The State of The Walt Disney Company 2017
DISCLOSURE: I am a shareholder of The Walt Disney Company (NYSE:DIS)
The Walt Disney Company has gone strength to strength over the last few years. Over a five year period, Disney (NYSE:DIS) stock has gone from 44.4 to closing at 110.67 yesterday. This is no doubt due to Bob Iger and the acquisition-heavy reign he’s had on the company since 2005. Last year was to Iger, his most important year to date. He just came off from the previous year rebooting Star Wars and having a run of successes at the box office. There’s a lot that happened. Disney, somehow beating 2015, had their most successful year to date.
ABC has been seeing a solid year in ratings and performance, and is generally performing as is expected.
ESPN has been dragging Disney’s stock down for years. This is due to cable cutters who seek alternate ways to get content without paying the overblown fees for cable services. ESPN is moving to online platforms where possible but this is proving unsuccessful. The losses are having a direct impact on Disney stock and Bob Iger has blamed the network for the prediction that Disney will not have nearly as a successful year as in the past, calling the 2017 financial year an ‘anomaly’. In the last few days, Sports Illustrated has reported that ESPN are laying off on-screen talent in an attempt to lower production costs by tens of millions of dollars. It’s the first in what is sure to be a long string of cuts at the network.
In August, Disney acquired a minority stake (33%) of BAMTech which Disney sees as an easier and more affordable way of distributing ABC and ESPN content directly to the consumer. The full effect of the BAMTech minority stake is likely to be discussed at Disney’s Annual Shareholder Meeting tomorrow.
Consumer Products and Interactive Media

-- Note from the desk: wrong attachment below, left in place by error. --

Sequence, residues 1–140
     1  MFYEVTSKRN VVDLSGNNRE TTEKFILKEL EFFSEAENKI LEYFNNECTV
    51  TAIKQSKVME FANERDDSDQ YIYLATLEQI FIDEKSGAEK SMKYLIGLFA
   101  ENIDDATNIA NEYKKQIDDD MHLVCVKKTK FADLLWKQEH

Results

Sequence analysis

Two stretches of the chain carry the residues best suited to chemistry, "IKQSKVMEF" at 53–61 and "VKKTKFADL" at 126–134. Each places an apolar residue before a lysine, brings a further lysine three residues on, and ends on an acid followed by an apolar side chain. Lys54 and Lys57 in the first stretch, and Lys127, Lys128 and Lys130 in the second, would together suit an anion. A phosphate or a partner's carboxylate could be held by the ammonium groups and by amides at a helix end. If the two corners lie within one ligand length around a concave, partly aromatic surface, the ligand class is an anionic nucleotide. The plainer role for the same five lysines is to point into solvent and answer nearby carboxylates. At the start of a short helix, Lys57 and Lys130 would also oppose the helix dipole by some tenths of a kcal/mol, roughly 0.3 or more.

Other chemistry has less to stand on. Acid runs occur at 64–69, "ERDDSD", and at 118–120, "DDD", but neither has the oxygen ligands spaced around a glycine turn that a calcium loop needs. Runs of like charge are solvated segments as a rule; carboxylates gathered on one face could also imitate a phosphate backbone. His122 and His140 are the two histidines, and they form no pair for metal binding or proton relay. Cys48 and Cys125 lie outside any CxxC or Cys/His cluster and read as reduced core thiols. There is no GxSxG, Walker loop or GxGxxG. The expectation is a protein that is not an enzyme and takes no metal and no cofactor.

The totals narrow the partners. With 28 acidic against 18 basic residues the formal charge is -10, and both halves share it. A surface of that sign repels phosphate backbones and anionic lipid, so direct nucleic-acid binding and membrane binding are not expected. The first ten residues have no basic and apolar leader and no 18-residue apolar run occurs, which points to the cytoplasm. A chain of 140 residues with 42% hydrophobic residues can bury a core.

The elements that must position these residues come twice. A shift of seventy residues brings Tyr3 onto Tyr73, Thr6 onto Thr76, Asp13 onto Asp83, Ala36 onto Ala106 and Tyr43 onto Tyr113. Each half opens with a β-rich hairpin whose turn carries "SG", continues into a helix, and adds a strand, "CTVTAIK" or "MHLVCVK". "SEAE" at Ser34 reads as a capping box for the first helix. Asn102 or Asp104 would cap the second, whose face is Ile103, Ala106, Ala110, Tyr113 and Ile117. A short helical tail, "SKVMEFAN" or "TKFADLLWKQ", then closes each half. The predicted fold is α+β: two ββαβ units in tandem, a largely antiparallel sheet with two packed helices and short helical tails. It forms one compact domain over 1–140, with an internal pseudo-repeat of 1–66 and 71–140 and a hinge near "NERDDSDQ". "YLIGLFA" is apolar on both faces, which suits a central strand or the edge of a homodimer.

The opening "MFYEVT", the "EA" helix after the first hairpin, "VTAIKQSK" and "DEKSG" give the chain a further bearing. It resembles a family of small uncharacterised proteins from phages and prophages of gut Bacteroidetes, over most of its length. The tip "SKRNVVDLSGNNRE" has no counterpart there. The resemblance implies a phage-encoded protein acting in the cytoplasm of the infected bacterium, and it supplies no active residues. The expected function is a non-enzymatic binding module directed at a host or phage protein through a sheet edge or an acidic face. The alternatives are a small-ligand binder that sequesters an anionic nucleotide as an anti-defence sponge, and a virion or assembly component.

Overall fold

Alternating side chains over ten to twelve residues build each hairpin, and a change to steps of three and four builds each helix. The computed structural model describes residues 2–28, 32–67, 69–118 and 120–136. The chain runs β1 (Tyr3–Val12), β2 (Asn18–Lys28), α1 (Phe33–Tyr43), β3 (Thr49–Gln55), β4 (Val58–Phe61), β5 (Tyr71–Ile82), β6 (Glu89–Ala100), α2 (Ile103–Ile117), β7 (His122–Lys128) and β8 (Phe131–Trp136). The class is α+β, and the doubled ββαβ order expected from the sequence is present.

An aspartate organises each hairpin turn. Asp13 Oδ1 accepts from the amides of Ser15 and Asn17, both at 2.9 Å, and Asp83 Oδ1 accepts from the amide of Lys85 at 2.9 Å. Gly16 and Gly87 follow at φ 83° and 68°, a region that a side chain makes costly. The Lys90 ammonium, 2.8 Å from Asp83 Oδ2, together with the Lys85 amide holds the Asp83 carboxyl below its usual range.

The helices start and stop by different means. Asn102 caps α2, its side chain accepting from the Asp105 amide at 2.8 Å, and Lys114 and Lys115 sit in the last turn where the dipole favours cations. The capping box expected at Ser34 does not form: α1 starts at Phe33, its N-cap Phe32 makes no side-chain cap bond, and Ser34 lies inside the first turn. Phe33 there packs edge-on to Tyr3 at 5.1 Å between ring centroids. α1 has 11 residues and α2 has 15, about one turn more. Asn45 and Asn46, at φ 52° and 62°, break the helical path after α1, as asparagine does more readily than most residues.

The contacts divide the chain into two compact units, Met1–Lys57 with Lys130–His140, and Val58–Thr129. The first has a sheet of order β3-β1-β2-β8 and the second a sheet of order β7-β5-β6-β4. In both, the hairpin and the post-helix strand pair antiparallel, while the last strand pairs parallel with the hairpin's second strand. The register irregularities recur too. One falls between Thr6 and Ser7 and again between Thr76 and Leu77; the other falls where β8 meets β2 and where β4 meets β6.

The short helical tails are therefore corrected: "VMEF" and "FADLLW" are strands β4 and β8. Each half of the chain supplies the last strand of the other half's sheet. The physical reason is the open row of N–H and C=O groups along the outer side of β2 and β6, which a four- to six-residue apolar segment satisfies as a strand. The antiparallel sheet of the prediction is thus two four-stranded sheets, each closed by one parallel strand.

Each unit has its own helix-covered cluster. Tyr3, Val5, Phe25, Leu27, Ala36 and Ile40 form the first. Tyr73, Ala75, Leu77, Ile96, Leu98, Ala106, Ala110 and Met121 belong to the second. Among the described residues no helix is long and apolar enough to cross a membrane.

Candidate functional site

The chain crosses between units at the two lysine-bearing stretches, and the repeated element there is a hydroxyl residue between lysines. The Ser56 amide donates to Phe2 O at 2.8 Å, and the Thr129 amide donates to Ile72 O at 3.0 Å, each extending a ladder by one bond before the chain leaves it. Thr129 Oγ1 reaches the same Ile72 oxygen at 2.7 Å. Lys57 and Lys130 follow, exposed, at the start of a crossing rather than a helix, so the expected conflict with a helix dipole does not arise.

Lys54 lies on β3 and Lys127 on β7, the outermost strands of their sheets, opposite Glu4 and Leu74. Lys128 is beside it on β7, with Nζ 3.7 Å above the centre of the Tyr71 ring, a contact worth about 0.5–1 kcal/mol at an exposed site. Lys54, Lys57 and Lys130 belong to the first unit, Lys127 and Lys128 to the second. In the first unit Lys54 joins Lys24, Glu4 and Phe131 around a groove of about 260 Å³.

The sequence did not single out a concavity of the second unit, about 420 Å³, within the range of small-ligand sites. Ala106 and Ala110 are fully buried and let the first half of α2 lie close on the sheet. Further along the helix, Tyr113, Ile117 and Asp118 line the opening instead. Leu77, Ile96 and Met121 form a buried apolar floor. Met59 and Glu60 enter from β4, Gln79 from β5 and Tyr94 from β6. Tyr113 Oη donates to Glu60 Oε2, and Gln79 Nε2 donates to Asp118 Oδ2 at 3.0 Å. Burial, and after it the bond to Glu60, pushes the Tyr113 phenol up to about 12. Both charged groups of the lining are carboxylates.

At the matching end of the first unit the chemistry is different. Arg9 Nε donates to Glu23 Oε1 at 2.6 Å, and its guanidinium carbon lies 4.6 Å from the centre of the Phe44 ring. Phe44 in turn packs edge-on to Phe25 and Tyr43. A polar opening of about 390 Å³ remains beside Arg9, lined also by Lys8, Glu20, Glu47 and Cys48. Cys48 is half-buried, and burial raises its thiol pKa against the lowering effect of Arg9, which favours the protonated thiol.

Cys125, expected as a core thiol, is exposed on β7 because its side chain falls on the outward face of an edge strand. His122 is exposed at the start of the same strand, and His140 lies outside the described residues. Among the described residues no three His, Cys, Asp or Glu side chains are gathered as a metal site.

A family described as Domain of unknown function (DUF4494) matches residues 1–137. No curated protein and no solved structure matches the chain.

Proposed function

This is somewhat a dull area for Disney. For a while, the Interactive division has been trying, unsuccessfully, to break into games, in PC, Console and Mobile. 2016 was the year that Disney finally gave up. Though they did make some respectable products over time (Epic Mickey and Disney Infinity) the division is simply losing too much money to justify creating games. Disney Infinity’s servers were shut down in June.
Maker Studios launched Revelmode in early 2016, ahead of the last shareholder meeting. The network launched by PewDiePie featured his close collaborators and was a way for the creators to branch off into other forms of media. Following a Wall Street Journal investigation into PewDiePie, Disney severed ties with the influencer and the future of Revelmode is unknown. Furthermore, Disney Interactive has layed off much of Maker’s employees, making the network a bare-bones company. It’s uncertain what effect this will have at this time. They are also cancelling most partnerships, looking to keep only 1,000 creators
Disney’s 2007 acquisition of Club Penguin has been largely successful. However, this year the game in it’s current form is going to be shut down and a newer version, exclusive to mobile, will take over.
Disney Store and Publishing have been successful thanks to the products that have been produced by the Studio Entertainment businesses. Star Wars: Rouge One and Captain America: Civil War saw a predictably large number of tie-ins. These two divisions are helping the overall profit when Interactive Media is generating losses.
Studio Entertainment, once again, was the most successful studio in terms of Box Office. The takings were roughly $7bn, beating 2015’s $5.8bn. Pixar’s Finding Dory became the second highest grossing domestic film in 2016 at $460m, only behind Lucasfilm’s Star Wars: Rogue One and ahead of Marvel’s Captain America: Civil War. All the films aforementioned broke the billion mark internationally, including Jungle Book and Zootopia.